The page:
My personal experience — and the prevailing wisdom of management and psychology research — is that meetings default to patterns like these:

  • Whoever speaks first is likely to set the direction of the conversation.
  • The higher-power, more extroverted, majority-demographic people are more likely to take up disproportionate airtime, receive credit, be given the benefit of the doubt and interrupt others.
  • The larger the group, the less meaningful the conversation — and the less likely we are to break out into more meaningful, smaller group discussions because doing so is time- and space-consuming in the physical world.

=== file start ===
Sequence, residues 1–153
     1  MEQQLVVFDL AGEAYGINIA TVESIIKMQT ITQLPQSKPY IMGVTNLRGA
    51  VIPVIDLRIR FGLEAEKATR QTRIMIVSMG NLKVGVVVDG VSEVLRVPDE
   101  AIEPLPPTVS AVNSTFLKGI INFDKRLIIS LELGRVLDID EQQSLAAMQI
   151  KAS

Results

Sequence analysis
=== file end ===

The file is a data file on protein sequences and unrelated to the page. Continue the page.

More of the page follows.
• Key information is less likely to be shared when it is already known by others; lesser known but important information tends to not be shared broadly.
  • Whatever we did in the last meeting, we are likely to do again in the next meeting.

The result is predictable: A sub-optimal, sub-inclusive meeting.

I believe we can do better.

Whether you are running the meeting or just participating in it, there are ways to make it better and more inclusive. And, believe it or not, in some ways that’s easier to do on virtual platforms.  So while many of us are stuck on our screens, let’s make the most of it and use some of the unique features offered by virtual platforms for better inclusion.